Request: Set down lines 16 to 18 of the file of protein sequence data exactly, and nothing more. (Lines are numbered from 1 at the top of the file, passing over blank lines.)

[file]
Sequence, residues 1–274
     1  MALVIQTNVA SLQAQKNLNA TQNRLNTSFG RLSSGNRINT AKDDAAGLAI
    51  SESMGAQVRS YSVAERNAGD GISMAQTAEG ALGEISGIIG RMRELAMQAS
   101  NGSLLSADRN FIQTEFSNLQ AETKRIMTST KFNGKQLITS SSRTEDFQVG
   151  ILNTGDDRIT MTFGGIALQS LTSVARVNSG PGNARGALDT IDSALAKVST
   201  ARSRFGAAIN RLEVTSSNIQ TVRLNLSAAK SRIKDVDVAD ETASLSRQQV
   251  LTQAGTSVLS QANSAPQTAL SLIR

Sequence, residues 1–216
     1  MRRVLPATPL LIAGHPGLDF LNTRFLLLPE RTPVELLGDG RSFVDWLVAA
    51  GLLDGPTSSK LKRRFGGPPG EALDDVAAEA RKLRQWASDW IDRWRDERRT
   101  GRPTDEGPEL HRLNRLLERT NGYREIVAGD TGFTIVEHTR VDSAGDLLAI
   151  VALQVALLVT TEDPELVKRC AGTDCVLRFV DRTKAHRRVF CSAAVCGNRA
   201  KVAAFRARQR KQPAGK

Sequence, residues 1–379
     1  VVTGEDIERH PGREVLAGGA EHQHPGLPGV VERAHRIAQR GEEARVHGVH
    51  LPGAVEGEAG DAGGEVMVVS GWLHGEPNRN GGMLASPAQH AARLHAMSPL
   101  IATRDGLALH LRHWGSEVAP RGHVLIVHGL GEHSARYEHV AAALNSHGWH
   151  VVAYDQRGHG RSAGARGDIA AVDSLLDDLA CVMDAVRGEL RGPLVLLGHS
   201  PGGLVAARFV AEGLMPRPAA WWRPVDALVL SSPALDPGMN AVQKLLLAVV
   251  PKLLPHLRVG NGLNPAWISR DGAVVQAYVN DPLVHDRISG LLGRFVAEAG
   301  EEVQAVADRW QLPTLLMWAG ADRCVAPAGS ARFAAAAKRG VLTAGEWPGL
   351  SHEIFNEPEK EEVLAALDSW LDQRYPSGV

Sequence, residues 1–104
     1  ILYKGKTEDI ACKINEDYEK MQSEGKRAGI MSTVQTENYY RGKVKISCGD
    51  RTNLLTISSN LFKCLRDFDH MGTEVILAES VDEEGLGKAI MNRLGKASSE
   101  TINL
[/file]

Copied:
    51  LPGAVEGEAG DAGGEVMVVS GWLHGEPNRN GGMLASPAQH AARLHAMSPL
   101  IATRDGLALH LRHWGSEVAP RGHVLIVHGL GEHSARYEHV AAALNSHGWH
   151  VVAYDQRGHG RSAGARGDIA AVDSLLDDLA CVMDAVRGEL RGPLVLLGHS